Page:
As the Public Education Department and school districts across New Mexico have scrambled to respond to a health crisis that turned the spring semester upside down, forced budget cuts and continues to throw campus reopening plans in limbo, the state’s top education official has been leading from afar.
Cabinet Secretary Ryan Stewart said in a phone interview Monday he has been in Philadelphia for most of the last four months with his wife and son.
The Public Education Department has had some top-level turnover in recent weeks: Both Deputy Secretary Kara Bobroff and communications director Nancy Martira resigned this month.
Stewart doesn’t see his location as an obstacle. “I can assure all New Mexicans there is not substantive difference in my ability to perform this job,” he said.
He’s been on the job for less than a year. Stewart lived in Philadelphia before he was hired to lead the Public Education Department in August 2019. His wife and son had planned to move to New Mexico to be with him, he said, but that was delayed by the COVID-19 pandemic.
He remained in Santa Fe for a few weeks in March after the pandemic forced school closures and disrupted in-person learning. Then he returned to Philadelphia, Stewart said.
He returned to Santa Fe for the five-day special legislative session in June, when lawmakers responded to a massive budget shortfall from the economic effects of the pandemic.
He’s been back in Philadelphia since the session ended, Stewart said, but he plans to return to New Mexico in early August. He will quarantine for two weeks and be ready to visit schools if they reopen.
“My work really doesn’t stop,” Stewart said. “It just starts a couple hours earlier. The only difference is which room I happen to be sitting in for Zoom calls all day — my living room here or in my apartment in Santa Fe.”
He spoke with Gov. Lujan Grisham about his desire to work out of state, he added.
Tripp Stelnicki, a spokesman for the governor, said in an email, “Working out of state is permitted, but it’s not necessarily something we encourage” on a long-term basis.
“If we hired someone from Alaska, say, we wouldn’t say, ‘OK, you can go ahead and work for the state from Alaska indefinitely.’ We would want that person to move here and quarantine and begin work as soon as it’s safe to do so,” he said.
However, Stelnicki said Lujan Grisham has not held in-person meetings in months, even with Cabinet secretaries, except for her nearly weekly virtual news conferences, which are livestreamed on Facebook. Those events are limited to three people or fewer, who all are screened for symptoms of COVID-19 before coming in close contact, Stelnicki said.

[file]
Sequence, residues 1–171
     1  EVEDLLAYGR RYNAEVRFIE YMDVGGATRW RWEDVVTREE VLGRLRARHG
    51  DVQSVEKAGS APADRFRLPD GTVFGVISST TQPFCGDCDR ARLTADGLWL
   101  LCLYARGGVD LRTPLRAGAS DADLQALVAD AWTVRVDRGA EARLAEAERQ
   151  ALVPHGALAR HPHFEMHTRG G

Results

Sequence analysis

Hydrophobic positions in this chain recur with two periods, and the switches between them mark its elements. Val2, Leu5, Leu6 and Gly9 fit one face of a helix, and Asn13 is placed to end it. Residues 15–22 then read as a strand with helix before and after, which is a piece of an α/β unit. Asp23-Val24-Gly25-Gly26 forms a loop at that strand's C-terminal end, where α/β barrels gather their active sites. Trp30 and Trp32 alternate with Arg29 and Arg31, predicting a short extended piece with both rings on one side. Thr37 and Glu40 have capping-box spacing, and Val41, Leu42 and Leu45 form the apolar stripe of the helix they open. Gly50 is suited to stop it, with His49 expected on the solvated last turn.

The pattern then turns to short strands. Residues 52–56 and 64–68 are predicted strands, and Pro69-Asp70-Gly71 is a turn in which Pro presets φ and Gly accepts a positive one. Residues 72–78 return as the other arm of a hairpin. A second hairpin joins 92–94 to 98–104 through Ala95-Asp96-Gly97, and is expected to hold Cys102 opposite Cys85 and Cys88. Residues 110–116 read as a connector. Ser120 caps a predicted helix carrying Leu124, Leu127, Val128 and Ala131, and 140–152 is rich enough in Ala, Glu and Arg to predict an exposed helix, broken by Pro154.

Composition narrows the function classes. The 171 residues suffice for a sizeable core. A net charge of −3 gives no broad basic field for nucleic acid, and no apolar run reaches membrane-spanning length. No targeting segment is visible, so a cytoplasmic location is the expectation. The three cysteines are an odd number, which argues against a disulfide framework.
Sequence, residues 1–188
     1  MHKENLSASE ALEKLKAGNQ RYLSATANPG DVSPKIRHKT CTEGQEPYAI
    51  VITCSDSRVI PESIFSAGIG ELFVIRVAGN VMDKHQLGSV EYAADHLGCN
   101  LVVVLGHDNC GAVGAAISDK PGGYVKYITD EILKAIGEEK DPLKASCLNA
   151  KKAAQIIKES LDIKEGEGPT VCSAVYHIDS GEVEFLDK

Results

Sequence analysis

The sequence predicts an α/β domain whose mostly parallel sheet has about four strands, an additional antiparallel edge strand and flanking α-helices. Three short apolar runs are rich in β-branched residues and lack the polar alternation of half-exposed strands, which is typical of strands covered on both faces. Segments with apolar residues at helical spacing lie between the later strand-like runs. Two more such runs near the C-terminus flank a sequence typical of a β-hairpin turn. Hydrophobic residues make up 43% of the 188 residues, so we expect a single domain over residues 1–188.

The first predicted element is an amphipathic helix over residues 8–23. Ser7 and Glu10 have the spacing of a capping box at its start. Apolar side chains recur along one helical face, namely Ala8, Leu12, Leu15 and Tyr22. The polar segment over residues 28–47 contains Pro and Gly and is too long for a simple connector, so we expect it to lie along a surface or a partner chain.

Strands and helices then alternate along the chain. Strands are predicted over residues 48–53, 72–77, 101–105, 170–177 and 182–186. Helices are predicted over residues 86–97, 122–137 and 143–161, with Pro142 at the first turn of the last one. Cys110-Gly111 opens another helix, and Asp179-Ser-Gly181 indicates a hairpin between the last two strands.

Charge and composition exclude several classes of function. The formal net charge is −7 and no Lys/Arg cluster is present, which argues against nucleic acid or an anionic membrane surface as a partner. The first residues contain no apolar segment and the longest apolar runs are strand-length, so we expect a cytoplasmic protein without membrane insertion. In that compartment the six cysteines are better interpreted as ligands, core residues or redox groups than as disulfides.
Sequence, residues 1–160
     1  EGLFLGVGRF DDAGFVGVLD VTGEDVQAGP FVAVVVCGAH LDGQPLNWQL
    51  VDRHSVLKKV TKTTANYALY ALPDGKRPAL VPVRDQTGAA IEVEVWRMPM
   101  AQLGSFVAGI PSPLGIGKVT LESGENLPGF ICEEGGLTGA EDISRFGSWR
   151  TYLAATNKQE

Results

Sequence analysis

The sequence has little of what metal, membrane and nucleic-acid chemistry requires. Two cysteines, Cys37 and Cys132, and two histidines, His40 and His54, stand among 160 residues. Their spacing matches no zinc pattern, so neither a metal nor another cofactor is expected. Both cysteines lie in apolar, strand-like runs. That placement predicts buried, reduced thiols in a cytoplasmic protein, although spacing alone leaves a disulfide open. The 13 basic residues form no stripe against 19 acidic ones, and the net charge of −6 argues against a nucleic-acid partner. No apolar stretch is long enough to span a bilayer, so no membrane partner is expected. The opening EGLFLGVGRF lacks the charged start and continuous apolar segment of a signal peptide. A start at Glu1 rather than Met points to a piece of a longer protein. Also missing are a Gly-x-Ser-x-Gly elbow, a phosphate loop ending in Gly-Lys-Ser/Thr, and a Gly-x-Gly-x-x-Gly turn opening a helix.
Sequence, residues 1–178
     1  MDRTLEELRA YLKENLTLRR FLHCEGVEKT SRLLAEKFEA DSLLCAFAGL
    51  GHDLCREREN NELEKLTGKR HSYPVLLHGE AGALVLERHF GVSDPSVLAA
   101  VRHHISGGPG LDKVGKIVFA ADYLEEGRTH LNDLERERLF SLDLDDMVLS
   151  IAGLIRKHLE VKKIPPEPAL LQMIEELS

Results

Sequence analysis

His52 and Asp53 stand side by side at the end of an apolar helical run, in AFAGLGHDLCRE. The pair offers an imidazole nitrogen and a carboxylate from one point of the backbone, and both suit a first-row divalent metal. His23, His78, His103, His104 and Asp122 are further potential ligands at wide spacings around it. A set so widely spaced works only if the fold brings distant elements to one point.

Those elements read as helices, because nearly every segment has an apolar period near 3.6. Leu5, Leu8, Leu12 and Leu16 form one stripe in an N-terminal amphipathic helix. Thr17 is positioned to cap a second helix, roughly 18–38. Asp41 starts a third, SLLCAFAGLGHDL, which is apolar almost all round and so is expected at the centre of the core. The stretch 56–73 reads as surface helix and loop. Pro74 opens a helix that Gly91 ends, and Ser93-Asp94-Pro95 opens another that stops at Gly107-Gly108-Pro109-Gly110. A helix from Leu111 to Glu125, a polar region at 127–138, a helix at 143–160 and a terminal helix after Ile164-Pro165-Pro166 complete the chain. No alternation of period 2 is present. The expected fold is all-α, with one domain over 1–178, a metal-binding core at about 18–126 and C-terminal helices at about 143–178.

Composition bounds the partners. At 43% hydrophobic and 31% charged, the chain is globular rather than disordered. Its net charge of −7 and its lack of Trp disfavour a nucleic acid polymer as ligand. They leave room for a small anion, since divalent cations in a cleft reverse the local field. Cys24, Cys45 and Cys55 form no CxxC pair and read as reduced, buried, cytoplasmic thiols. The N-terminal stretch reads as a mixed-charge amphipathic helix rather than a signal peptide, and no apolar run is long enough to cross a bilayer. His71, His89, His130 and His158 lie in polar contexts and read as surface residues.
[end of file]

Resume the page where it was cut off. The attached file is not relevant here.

Veronica García, superintendent of Santa Fe Public Schools, said she had not noticed Stewart was working from out of state.
“I hadn’t noticed anything of concern,” she said. “If the secretary hadn’t shared he was working from Philadelphia, I would have no way of knowing if he was in his office on Don Gaspar, his home in Santa Fe or in Philadelphia. The Public Education Department’s communication and responsiveness have been excellent.”
Santa Fe Public Schools was one of several districts in the state that announced last week it would start classes remotely next month due to surging numbers of cases of the virus that causes COVID-19.
Most districts and charter schools have submitted contingency plans for how they will safely and effectively provide three types of education as the pandemic continues: a completely remote model, a full return to classrooms and a hybrid model that combines distance learning with in-person classes.
Stewart said many of the state’s roughly 89 school districts and 100 charter schools are planning to start the new year with a hybrid model of learning — unless the governor orders campuses to remain closed.
“For educators this year, we’re going into something that is completely unprecedented, so we’re going to have to be flexible to move across those reentry models, given what happens with the virus and whether or not there is an outbreak,” Stewart said.
“The expectation is that plenty — maybe not quite most, but plenty — of districts will come back in the hybrid model next month,” he added.